According to my BFF, the only reason we are friends is because of our mutual love for Guinness. Of course, the first time she brought this up I tried to vehemently argue with her…until about 2.5 seconds into the argument when I realized that she was completely right. Since then, we have shared a love for a great number of things…namely beer, the Texas Longhorns, wine, The Dallas Cowboys, margaritas, and the San Antonio Spurs–and almost never in that order, but initially it was Guinness that brought us together. Since today is her birthday, I thought a Guinness post was apropos!
Probably my crowning glory in drinking Guinness was the time I chugged a pint and earned a free round of drinks for me & my friends, bought by some pompous Aussies, who were quite sure that a Yank couldn’t drink an entire pint of Guinness in one go. I tried telling them I was, in fact, not a Yank, but a TEXAN, but they seemed to be wanting to be parted with their money–so I was happy to oblige.
Nowadays, I prefer slowly enjoying my Guinness in a quite pub somewhere people watching. Or better yet, in my version of Guinness stew. DISCLAIMER: I have NO idea how close to traditional Guinness stew this is. I call it Guinness Stew because, well, I add Guinness and it’s (in my humble opinion) delicious and one of the very first things I always make this time of year when the weather starts to cool off enough to justify having stew for dinner.
2 lbs of chuck steak cubed (I usually cheat and just buy it that way)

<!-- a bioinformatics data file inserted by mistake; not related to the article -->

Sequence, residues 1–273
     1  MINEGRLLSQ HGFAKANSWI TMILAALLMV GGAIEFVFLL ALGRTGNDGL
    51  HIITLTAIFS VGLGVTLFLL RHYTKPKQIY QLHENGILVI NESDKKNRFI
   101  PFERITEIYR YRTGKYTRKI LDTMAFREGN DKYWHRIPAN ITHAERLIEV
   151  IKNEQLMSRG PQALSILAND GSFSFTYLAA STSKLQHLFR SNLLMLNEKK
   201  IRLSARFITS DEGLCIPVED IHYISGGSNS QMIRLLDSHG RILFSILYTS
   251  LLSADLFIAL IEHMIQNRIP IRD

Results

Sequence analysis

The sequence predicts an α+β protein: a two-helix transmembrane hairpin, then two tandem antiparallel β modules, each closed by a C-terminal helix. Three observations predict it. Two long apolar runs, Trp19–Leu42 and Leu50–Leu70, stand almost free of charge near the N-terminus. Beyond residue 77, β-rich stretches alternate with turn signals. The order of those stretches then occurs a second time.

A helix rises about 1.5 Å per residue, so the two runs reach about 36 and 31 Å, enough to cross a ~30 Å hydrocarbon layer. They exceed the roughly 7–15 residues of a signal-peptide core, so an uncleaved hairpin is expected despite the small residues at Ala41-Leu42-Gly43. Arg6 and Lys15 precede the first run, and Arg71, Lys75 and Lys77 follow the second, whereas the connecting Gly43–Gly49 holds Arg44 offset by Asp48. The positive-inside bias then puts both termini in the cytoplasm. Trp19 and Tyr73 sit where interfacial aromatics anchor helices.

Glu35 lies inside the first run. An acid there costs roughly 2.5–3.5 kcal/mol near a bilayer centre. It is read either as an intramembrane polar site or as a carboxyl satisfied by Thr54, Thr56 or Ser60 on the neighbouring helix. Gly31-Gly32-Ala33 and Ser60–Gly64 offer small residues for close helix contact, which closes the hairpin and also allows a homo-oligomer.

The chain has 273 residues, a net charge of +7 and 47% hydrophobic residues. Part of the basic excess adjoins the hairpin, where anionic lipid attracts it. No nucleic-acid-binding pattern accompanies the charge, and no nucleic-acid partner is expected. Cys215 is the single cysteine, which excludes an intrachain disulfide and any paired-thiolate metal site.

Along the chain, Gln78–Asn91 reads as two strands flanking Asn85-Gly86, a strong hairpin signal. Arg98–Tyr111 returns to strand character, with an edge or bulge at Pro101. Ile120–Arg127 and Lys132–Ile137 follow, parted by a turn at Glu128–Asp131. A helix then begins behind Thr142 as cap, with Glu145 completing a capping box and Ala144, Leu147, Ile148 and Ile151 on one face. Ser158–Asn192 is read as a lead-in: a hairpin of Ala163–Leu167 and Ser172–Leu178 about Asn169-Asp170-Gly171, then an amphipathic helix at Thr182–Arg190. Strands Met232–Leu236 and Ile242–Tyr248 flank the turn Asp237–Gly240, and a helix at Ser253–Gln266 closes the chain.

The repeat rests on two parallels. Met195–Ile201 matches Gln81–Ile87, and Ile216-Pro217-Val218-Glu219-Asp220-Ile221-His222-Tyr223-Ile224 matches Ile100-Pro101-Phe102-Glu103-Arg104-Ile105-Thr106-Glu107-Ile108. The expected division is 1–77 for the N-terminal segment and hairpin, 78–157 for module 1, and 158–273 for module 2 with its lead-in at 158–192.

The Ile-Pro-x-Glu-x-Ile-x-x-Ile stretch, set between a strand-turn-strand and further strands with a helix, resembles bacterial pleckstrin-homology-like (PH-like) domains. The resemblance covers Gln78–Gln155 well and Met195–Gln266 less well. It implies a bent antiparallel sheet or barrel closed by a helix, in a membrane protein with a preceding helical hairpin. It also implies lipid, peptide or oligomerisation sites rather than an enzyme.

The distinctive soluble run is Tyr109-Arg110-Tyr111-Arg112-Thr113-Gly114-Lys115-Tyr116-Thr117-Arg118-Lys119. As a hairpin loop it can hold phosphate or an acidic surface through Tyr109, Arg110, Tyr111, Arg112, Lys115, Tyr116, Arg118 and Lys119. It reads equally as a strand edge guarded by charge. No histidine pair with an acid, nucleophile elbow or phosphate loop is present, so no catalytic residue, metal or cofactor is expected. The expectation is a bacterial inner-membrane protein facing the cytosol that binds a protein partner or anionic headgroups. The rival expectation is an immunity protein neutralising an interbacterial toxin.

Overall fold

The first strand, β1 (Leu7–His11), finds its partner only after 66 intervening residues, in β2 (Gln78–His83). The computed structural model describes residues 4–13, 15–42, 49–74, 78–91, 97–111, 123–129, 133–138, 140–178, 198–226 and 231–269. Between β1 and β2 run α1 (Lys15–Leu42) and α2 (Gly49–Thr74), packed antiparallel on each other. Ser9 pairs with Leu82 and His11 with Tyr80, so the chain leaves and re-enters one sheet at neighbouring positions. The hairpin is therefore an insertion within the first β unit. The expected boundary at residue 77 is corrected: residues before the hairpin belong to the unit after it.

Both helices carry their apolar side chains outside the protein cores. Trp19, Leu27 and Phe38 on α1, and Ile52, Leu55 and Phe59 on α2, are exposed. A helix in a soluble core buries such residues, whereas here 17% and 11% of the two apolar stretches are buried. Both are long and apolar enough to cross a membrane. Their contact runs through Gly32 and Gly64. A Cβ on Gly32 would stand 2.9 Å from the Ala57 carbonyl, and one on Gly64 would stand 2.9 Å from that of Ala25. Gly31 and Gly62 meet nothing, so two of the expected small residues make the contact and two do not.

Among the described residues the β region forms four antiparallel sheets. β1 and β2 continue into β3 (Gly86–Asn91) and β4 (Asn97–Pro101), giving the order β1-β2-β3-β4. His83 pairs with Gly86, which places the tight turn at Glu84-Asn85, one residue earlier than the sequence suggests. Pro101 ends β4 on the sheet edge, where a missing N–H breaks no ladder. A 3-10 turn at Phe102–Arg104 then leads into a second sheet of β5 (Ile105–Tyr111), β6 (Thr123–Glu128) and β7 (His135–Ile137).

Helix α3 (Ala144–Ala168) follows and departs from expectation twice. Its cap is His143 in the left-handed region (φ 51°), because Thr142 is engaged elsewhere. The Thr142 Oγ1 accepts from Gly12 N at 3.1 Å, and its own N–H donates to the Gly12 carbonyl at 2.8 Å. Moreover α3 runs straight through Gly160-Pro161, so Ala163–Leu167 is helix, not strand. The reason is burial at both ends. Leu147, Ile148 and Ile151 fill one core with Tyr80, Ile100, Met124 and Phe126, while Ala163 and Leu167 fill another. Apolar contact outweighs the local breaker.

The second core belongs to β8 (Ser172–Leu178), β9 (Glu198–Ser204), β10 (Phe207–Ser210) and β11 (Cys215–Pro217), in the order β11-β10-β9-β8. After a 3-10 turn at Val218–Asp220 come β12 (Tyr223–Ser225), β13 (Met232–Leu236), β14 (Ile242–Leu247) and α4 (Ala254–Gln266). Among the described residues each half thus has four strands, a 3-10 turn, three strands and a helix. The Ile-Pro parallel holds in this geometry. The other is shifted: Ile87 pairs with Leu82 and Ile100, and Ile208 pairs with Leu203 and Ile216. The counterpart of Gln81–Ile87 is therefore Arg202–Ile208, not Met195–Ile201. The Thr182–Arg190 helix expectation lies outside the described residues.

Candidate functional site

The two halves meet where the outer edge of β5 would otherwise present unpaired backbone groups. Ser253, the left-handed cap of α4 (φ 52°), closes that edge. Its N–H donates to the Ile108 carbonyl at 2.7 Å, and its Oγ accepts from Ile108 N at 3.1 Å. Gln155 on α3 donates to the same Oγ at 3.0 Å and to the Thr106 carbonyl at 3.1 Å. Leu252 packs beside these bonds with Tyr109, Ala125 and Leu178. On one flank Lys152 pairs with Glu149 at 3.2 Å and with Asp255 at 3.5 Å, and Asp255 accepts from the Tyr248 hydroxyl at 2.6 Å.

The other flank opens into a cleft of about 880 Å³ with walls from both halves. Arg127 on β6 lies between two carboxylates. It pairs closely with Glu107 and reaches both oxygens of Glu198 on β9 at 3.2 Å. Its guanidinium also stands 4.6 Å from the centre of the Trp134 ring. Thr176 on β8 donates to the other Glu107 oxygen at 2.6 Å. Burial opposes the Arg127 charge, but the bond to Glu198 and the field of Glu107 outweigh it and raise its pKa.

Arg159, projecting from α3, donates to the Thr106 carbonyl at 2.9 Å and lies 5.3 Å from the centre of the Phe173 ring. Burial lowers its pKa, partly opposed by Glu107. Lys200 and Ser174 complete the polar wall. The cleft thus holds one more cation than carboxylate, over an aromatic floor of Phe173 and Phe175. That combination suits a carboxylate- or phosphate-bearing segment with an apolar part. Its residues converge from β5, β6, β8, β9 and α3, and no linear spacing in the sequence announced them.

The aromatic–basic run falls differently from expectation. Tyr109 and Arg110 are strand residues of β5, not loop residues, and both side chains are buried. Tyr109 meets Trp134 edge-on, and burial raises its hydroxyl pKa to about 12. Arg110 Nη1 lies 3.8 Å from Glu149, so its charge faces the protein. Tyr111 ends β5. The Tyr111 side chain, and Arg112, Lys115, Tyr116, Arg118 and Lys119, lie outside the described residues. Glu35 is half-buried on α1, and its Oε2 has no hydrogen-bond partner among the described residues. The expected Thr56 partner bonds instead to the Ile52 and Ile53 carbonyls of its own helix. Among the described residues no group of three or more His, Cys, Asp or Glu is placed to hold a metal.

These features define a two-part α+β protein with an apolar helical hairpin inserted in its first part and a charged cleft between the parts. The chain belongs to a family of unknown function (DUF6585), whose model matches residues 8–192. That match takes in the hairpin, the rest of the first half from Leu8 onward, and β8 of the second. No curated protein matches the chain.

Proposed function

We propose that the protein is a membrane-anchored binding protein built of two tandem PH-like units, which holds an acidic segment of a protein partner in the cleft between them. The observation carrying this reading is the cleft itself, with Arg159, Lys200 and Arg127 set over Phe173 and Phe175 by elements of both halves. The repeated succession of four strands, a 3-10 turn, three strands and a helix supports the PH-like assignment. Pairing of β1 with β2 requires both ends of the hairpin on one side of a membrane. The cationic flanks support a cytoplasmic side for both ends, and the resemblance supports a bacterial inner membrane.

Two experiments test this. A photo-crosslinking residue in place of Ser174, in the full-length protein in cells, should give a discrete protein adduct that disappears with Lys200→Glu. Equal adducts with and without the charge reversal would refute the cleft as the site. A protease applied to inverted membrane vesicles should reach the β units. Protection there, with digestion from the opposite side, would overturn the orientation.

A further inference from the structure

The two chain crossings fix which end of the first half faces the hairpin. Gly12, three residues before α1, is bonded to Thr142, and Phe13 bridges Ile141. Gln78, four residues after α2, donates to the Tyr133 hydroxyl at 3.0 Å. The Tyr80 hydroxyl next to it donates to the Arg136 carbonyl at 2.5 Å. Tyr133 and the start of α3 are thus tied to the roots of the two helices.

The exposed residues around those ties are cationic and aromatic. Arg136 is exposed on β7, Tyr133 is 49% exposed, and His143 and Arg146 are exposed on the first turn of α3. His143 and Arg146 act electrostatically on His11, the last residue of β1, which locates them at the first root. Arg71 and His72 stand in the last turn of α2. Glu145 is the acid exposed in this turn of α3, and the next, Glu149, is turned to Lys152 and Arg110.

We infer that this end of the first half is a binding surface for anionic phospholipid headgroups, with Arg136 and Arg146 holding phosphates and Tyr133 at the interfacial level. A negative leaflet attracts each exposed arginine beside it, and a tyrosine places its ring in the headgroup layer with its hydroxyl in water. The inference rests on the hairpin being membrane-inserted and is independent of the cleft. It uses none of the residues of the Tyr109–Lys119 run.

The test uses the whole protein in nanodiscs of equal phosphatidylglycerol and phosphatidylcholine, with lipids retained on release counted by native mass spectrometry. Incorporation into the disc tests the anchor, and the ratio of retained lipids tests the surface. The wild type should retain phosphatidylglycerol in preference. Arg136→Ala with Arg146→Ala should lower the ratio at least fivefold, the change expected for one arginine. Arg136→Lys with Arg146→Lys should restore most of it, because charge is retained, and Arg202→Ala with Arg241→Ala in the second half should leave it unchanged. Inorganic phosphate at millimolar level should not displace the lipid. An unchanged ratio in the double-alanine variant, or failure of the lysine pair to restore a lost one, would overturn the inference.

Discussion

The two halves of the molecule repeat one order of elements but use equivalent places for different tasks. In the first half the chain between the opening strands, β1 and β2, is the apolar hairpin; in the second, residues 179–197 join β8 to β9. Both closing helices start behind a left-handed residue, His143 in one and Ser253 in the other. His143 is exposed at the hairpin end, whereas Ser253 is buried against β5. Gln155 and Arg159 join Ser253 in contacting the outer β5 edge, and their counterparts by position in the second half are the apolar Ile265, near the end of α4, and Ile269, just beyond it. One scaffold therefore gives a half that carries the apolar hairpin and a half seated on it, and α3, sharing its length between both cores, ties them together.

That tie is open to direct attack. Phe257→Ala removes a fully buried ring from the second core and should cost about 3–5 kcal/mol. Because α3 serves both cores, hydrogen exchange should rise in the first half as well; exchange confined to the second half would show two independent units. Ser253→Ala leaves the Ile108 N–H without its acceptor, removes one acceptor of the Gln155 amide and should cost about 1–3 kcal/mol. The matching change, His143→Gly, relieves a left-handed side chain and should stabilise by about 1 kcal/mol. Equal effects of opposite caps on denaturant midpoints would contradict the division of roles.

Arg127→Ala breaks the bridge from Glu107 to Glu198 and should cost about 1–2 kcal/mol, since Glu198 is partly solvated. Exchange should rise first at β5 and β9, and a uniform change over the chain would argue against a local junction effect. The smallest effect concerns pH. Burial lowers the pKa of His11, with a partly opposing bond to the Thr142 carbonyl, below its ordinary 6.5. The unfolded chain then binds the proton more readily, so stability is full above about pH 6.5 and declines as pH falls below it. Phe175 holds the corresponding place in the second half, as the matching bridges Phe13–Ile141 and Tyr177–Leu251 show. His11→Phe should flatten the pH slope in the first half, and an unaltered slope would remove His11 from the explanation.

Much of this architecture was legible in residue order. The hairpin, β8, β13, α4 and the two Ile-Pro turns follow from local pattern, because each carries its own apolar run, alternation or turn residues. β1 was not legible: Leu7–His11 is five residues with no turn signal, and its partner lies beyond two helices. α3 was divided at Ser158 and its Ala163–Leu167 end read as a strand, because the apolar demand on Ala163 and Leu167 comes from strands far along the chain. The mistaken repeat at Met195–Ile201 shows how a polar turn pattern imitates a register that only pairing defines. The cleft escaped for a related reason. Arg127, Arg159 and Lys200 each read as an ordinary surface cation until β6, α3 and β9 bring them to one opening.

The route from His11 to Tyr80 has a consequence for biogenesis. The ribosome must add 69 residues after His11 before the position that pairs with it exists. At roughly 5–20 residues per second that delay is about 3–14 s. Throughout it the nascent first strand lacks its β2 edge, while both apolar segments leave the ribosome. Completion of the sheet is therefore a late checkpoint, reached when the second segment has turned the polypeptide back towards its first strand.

2 medium yellow onions, diced
6-8 cloves of garlic, diced or pressed
6 carrots, cubed (to similar size as potatoes)
2 cups of corn
4-6 potatoes, scrubbed and cubed (skins on, cubed to similar size as carrots)
2 large (14.8 oz) of diced tomatoes + each filled with water
1 large bottle (or two small) of Guinness
2 Tbsp butter
¼ cup of cornstarch
sea salt & fresh ground pepper to taste
parsley for garnish
In a large stock pot, saute onions and garlic until translucent. Add carrots and potatoes and saute for about 5 minutes. Add meat and season with salt & pepper. Saute until meat is brown. Add Guinness and let it cook until reduced slightly. Add corn, tomatoes, and water. Cook for about 30 minutes. Taste and adjust seasonings. In a small bowl mix butter and cornstarch to form a ball. Break into four parts and drop into the stew (this will thicken it and by mixing butter and cornstarch, it will prevent cornstarch from clumping). Cook about 15-30 minutes longer until beef is tender. Serve with parsley garnish, a huge chunk of rustic bread, and, of course, more Guinness for drinking!
Slainte! Oh and Sissy, this Guinness is for you!!
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